As this year's Paul Foot Awards are announced for campaigning and investigative journalism, Anne McElvoy reports from the ceremony and talks to this year's winner. Anne also talks to the Director of the London School of Economics, the sociologist Dr Craig Calhoun about the things that inspired him to ...
Matthew Sweet talks to the Israeli novelist David Grossman about his book Falling Out of Time which mixes poetry, drama and fiction to explore the emotion of grief and loss. His own son died in 2006. He is also the author of non fiction books including Death as a Way of Life: From Oslo to the Geneva ...
Rana Mitter discusses Buddhism, in Western therapy and in Eastern politics with psychotherapist Mark Vernon, Rupert Gethin - Professor of Buddhist Studies in the Department of Theology and Religious Studies and co-director of the Centre for Buddhist Studies at the University of Bristol, Dr Anne Mette ...
It's three hundred years since the death of Antoine Galland, a French orientalist and archaeologist, whose translation of The One Thousand and One Nights kick-started its adventures in the West via the works of English orientalists, Richard Burton, Edward Lane and John Payne. Philip Dodd asks a panel ...
Will Hutton joins Anne McElvoy for a programme focusing on economics and wealth in Britain. They're joined by Richard Davies, The Economist's Economics Editor, Wendy Carlin, Professor of Economics and Macroeconomics at UCL and Luke Johnson the Chairman of Risk Capital Partners and the former Chairman ...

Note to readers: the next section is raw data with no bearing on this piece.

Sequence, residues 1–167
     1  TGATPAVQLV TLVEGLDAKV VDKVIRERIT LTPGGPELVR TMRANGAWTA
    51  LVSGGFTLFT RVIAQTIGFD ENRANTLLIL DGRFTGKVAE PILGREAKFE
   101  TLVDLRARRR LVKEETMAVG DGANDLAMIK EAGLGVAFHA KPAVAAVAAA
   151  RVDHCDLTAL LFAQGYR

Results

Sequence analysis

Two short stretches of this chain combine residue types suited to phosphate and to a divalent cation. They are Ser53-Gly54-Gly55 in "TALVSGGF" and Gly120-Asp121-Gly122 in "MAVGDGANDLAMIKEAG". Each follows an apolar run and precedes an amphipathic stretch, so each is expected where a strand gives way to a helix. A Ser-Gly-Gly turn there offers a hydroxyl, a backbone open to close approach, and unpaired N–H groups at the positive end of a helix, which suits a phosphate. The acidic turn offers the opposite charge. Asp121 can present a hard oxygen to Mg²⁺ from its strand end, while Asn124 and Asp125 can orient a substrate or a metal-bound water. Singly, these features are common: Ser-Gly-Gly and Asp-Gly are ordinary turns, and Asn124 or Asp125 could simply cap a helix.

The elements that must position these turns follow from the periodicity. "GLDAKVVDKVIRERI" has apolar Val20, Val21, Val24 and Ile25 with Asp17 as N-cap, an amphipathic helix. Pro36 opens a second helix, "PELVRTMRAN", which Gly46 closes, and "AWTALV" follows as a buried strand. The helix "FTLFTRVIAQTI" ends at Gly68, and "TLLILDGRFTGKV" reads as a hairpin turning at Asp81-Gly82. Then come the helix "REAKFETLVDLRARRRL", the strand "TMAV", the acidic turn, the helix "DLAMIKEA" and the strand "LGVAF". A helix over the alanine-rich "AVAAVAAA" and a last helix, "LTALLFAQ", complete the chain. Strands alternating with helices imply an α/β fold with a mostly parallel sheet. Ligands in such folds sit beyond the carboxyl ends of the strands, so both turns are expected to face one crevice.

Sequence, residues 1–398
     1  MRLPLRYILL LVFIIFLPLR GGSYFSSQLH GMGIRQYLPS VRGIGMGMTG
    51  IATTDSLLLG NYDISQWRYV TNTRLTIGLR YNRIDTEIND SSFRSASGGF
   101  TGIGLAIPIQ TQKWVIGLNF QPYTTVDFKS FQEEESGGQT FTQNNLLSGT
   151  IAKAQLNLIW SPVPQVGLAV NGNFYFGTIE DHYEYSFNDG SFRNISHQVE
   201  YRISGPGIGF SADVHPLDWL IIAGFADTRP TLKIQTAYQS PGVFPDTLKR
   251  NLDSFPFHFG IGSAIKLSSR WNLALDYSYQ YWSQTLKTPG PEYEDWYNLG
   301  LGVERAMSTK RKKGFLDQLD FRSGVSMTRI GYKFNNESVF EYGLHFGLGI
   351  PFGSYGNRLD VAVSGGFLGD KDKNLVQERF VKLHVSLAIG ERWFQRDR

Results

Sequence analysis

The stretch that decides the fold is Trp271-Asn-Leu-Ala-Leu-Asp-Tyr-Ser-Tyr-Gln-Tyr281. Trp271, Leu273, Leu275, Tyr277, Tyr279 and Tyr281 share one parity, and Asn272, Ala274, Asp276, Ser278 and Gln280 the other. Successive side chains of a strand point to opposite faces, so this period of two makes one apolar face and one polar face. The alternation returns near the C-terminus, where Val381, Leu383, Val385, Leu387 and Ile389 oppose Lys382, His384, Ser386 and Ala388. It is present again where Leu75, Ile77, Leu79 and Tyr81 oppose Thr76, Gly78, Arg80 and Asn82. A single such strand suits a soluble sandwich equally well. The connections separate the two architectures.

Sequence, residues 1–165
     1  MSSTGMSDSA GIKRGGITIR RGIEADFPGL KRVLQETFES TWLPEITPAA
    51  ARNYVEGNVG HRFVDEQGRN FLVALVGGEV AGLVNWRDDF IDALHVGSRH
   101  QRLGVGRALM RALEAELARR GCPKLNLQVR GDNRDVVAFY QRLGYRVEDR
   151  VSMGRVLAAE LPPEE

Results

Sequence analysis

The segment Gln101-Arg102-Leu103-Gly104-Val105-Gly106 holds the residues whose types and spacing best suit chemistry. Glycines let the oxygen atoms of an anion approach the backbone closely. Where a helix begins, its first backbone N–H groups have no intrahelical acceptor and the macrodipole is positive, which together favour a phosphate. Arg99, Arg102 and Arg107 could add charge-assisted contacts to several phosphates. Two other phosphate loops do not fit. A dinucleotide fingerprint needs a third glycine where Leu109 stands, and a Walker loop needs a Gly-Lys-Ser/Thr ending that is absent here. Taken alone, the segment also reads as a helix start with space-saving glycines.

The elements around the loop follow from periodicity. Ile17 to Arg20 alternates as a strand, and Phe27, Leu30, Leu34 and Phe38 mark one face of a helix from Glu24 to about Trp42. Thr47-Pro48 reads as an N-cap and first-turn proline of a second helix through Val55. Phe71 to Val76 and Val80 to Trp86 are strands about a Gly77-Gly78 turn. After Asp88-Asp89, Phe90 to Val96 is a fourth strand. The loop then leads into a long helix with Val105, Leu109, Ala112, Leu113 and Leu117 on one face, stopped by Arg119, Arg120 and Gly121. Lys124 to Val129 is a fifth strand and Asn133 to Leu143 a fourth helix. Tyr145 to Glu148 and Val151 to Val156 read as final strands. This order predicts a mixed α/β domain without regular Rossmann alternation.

Karim Miské and Aatish Taseer discuss their recent novels, the French tradition of secularism and the influences of religion with Philip Dodd. They're joined by historians Dr Sudhir Hazareesingh and Dr Ruth Scurr.
Dylan Evans tells Matthew Sweet about his experimental community in the Scottish Highlands and why the Utopia Experiment failed. They are joined by Elaine Barker who has looked at communities set up by religious cults and Joe Duggan of Transition Town in Crystal Palace. Also our changing attitudes to ...
Anne McElvoy assesses reports that members of the new Greek government are rediscovering age-old links between Greece and Russia. With Roderic Lynne, former British ambassador to Moscow; Mary Dejevsky, Professor Vassilis Fouskis and Spyros Economides. Plus as Sheffield Theatres begin a season looking ...
Poet Paul Muldoon explores the history of Ireland in his new collection, One Thousand Things Worth Knowing. Historian Roy Foster's latest book is Vivid Faces: the Revolutionary Generation in Ireland 1890-1923.
Rona Munro's new play Scuttlers runs at Manchester Royal Exchange Theatre from Feb 5th - March ...
Andrew O'Hagan talks to Matthew Sweet about identity, capturing memories and the impact of war in his new novel The Illuminations. Eddie Marsan talks about creating his character in the new film Still Life and about how much we know about a person's identity. Critic Charlotte Mullins considers the artists' ...